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The double-edged blade very slightly tapering with a central gutter, triangular point, each side brass-inlaid with a running quadruped and a Maltese cross in two circles, each also with a string of five small cross motifs, one side engraved with an inscription in cursory naskh script, the crossguard loose on the hilt, with engraved cast bronze pommel, surface corrosion, minor pitting, most inlay missing
45in. (114.3cm.) overall length
Presumably in the Ottoman arsenal in Istanbul from shortly after 1517. Air Marshal Sir Ralph Sorley (1898-1974)
Purchased in 1953 by the father of the present owner
The Art of the Armourer, Victoria and Albert Museum, London, 1963.
Special notice
No VAT will be charged on the hammer price, but VAT at 17.5% will be added to the buyer's premium, which is invoiced on a VAT inclusive basis.
Sale room notice
Please note that this sword was in fact purchased by the father of the present owner in 1961 not 1953.

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Romain Pingannaud
Romain Pingannaud

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Lot Essay

The inscription reads mimma tajaddad 'ala ayyam mawlana al-amir aristay hubs khaza'in al-silah bi-thaghr sikandariyyah al-mahrus (From what was made [or brought in] during the time of our Lord, the Amir Aristay. A bequest to the armoury of the protected frontier city of Sikandariyyah [Alexandria]).

In 1982 Ludvik Kalus published his seminal study of western swords that had been donated to the armoury in Alexandria between 1367 and 1467 AD (Ludvik Kalus, 'Donations pieuses d'épées médiévales à l'Arsenal d'Alexandrie', Revue des Etudes Islamiques, vol.l, 1982, publ.1991, pp.1-122). His study encompassed 126 examples, of which 101 are in the Military Museum in Istanbul, with a single further example in the Topkapi Palace. Although it had been exhibited in 1963 the present sword appears not to have been included in his listing. The publication of this body of material was critical to our understanding of the development and dating of Western sword types. Swords of this group were also published by David Alexander 'European Swords in the collection of Istanbul', "Waffen und Kostumkunde 27/2, pp.81-118).

The majority of these swords were made in Europe, most probably Milan. Many, as here, bear European makers' marks. The present sword is unusually well preserved, retaining part of the brass inlay that originally filled the maker's marks. A quadruped is seen here on each side of the sword; similar animals are noted by Kalus on nine different swords. To that list can also be added an example in the Khalili Collection (David Alexander, The Arts of War, London, 1992, no.32, pp.76-78). The mark of the cross with split terminals within a double circle is also found on five other swords, one of which (Kalus no.36) is one of those that also has the running quadruped.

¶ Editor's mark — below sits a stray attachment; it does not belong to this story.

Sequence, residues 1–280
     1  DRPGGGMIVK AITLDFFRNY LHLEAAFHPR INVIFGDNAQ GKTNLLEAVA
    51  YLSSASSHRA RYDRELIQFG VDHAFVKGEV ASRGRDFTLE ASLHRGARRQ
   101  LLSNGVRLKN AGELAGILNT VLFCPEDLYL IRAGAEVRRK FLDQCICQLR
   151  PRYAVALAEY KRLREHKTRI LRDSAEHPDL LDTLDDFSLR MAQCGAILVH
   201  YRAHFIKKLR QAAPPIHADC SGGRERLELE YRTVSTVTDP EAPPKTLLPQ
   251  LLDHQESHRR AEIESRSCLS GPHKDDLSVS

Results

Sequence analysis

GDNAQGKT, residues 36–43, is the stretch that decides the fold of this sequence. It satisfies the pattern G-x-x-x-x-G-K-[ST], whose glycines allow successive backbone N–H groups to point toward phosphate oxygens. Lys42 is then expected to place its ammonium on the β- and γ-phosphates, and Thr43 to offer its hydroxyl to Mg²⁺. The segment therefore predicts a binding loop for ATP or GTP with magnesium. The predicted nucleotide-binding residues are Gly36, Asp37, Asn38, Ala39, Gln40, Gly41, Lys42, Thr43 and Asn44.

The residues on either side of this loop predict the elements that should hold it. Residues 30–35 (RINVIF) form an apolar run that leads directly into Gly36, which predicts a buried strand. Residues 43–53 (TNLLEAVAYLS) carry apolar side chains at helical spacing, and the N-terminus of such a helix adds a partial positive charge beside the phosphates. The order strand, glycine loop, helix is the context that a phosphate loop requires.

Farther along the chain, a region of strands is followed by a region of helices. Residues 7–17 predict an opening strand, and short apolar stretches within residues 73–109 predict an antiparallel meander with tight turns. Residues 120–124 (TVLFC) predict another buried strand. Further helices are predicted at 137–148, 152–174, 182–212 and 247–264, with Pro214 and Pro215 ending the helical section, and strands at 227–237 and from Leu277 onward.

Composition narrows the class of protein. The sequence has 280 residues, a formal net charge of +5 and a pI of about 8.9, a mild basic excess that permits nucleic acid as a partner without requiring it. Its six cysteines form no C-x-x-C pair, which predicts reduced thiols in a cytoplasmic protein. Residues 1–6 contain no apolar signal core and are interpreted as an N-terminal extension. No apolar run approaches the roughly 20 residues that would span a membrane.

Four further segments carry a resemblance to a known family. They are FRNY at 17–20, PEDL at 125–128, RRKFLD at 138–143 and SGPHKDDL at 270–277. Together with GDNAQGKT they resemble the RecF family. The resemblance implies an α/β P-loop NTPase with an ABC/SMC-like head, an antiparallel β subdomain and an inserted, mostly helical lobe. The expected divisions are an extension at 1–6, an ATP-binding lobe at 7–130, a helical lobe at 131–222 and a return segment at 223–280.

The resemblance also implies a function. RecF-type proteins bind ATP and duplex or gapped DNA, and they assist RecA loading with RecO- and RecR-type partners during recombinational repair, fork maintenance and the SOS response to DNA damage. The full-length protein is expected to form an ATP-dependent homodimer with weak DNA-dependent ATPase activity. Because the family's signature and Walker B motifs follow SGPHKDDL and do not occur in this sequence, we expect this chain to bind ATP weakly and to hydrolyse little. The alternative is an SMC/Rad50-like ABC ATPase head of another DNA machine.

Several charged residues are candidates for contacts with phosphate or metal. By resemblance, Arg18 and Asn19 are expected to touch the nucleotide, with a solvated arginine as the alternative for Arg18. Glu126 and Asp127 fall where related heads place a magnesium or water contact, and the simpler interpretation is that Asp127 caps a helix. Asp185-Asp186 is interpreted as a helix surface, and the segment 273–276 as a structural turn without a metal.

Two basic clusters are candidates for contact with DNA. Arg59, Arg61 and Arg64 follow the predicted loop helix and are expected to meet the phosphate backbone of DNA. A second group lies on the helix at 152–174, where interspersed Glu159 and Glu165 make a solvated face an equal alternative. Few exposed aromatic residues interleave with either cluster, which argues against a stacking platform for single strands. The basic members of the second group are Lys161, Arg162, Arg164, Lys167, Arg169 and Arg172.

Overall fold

That sword, in the Military Museum, Istanbul, has an inscription that also notes it as being a donation from the Amir Aristay, albeit with very slightly different wording to the present sword. In all seventeen swords are noted by Kalus as having been donated by this amir, to which listing can be added the Khalili sword and the present example. Saif al-Din Aristay Al-Zahiri, a former Mamluk of Malik al-Zahir Barquq, held various posts before being appointed governor of Alexandria in mid-December 1400. He only held the post for a few months, being relieved in May-June 1401. He died on 7 September 1408. Since a number of the inscripions include the phrase ala ayyam (in the time of) we know that the donations must have taken place while he was governor. We thus have an absolutely firm terminus ante quem for the manufacture of the swords.

It is tempting to link the presence of this number of crusader swords in Alexandria to the sacking of the city that took place in the final crusader assault, the short-lived attack by King Peter I, the Lusignan ruler of "Cyprus and Jerusalem" in 1365. The earliest group of swords noted by Kalus are all donated by the Amir Ukuz, in 1367, only two years after the very brief but highly destructive occupation.

The condition of all the swords in this group is very good. In contrast, those that have survived in Europe are generally in excavated condition, the blades heavily corroded. Even among the Istanbul swords however the present one is very well-preserved indeed, with no pitting at all and its retention of some of the brass inlay in the maker's mark. It is a remarkable survival from an extraordinary historical period.

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